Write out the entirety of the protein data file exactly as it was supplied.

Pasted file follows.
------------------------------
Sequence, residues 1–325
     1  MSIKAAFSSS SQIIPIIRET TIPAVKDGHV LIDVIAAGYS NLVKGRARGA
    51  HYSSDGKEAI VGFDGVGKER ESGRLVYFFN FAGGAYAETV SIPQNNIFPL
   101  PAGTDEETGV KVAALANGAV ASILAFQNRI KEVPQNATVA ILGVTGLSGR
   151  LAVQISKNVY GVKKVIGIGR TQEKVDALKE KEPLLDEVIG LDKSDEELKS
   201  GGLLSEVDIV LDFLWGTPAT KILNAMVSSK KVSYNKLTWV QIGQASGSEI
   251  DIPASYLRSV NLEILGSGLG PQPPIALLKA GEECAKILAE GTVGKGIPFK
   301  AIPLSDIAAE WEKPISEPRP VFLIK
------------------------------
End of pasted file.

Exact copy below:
Sequence, residues 1–325
     1  MSIKAAFSSS SQIIPIIRET TIPAVKDGHV LIDVIAAGYS NLVKGRARGA
    51  HYSSDGKEAI VGFDGVGKER ESGRLVYFFN FAGGAYAETV SIPQNNIFPL
   101  PAGTDEETGV KVAALANGAV ASILAFQNRI KEVPQNATVA ILGVTGLSGR
   151  LAVQISKNVY GVKKVIGIGR TQEKVDALKE KEPLLDEVIG LDKSDEELKS
   201  GGLLSEVDIV LDFLWGTPAT KILNAMVSSK KVSYNKLTWV QIGQASGSEI
   251  DIPASYLRSV NLEILGSGLG PQPPIALLKA GEECAKILAE GTVGKGIPFK
   301  AIPLSDIAAE WEKPISEPRP VFLIK